Security contracts templates are used by companies who hire security guards. Some companies choose to hire external companies who specialize in security, while other companies handle security in-house. Either way, this is an important function, and all parties' expectations must align. When entering an agreement, make sure:

  • The roles and responsibilities are clear and concise.
  • The authority and leadership that governs security officers are clearly expressed.
  • The number of security officers and their duties is listed and defined.
  • All parties are aware of and understand what has been agreed to in the contract.

How to Ensure Effective Contracts

  1. Outline post orders in the contract, including information about the people, the location, and the property you are protecting. Taking the time to outline what you are guarding keeps you from being responsible for any other party or locations not stated in the contract.
  2. Make sure the contract clearly lays out that you are only responsible for security and you communicate as such to your clients, their employees, guests, and your security officer as well. There are cases where the courts have held security firms responsible for injuries that normally do not fall under security duties. 
  3. Let your insurance broker and lawyer check for vague language in your contract so you minimize any liability risks that do not fall under your liability coverage. Furthermore, check your coverage to make sure you are properly insured.
  4. Make sure the contract is fair and straightforward so that you can avoid unnecessary risks. For example, you want to make sure you don't agree to reimburse (or indemnify) your client for any incident that happens as a result of their neglect. If you do indemnify the client, you are responsible for all the financial responsibility as a result.
  5. Your security detail should only perform security tasks and not other services like chauffeuring, repairs, delivery, etc. unless your contract explicitly states such duties.
  6. Make sure you don't acquire more risk exposure when adding a client as an "additional insured."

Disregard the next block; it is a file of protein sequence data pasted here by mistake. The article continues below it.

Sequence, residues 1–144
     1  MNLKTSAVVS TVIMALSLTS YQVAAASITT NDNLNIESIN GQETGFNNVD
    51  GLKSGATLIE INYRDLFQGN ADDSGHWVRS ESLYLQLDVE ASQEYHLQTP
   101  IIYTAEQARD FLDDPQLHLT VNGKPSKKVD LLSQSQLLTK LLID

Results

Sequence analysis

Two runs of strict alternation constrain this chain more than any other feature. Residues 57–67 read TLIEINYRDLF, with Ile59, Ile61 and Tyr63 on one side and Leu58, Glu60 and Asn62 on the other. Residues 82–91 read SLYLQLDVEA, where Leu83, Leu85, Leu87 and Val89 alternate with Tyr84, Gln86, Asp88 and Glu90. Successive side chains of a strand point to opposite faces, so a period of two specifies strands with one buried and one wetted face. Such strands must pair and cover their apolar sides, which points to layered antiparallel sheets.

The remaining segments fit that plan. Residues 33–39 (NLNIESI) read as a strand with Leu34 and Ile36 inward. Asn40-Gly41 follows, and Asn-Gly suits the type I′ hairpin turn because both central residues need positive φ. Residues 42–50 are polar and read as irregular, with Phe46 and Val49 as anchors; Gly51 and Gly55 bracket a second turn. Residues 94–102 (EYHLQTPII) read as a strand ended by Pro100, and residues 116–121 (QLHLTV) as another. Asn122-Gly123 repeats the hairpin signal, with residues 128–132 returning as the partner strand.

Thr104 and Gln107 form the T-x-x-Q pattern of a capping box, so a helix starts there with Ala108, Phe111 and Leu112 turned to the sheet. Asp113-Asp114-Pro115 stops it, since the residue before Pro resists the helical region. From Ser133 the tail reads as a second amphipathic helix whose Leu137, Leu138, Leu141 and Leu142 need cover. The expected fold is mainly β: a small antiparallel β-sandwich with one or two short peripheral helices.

Key Terms in a Security Guard Contract

  • An indemnification clause is an agreement where one party agrees to protect the other party from certain liabilities that could lead to financial liability.
  • Indemnity and "hold harmless" are other names used to describe an indemnification clause.
  • The "indemnitor" is the party who assumes liability for certain incidents. 
  • The "indemnitee" is the party who is protected from any liability from incidents covered in the contract. 

Take out all indemnification clauses out your contract, if possible. Common law states the negligent party is liable. As an indemnitor, you agree to protect the client by assuming liability for certain incidents on the property. If you do agree to such terms, make your insurance will cover any indemnification clauses written in the contract. If your insurance policy does not cover the language in the contract to hold the client harmless, then in event of a loss, you will be responsible for covering any claims

Three Levels of Indemnification

  • Limited indemnification. Limited indemnification would protect the client from any liabilities that resulted from negligence while performing contractual duties. If you must add an indemnity clause in the contract, this is most favorable and would more than likely align with what the courts would assume.  You would only assume responsibility for your employee's negligence. Your responsibility would not extend to your client's acts of negligence — whether active or passive — nor the acts of any other individuals that are not your clients.
  • Intermediate indemnification. If you indemnify the client at an intermediate level, you are assuming liability for any claims, suits, or liability for an incident caused in whole or part due to your negligence. You may be held legally liable for certain acts even though your employee was not directly involved.
  • Broad indemnification. Broad indemnification holds you responsible for all incidents, including those that are totally your client's fault. You will expose your company to huge risk if you choose to sign a broad form hold harmless agreement. It is uncommon for most insurance policies to agree to indemnify your client's negligence. 

Pay attention to the details of your security contracts and any other master service agreements. Your clients, more often than not, have corporate lawyers protecting their interests.

If you need help with reviewing your security contract, you can post your legal need on UpCounsel's marketplace. UpCounsel accepts only the top 5 percent of lawyers to its site. Lawyers on UpCounsel come from law schools such as Harvard Law and Yale Law and average 14 years of legal experience, including work with or on behalf of companies like Google, Menlo Ventures, and Airbnb.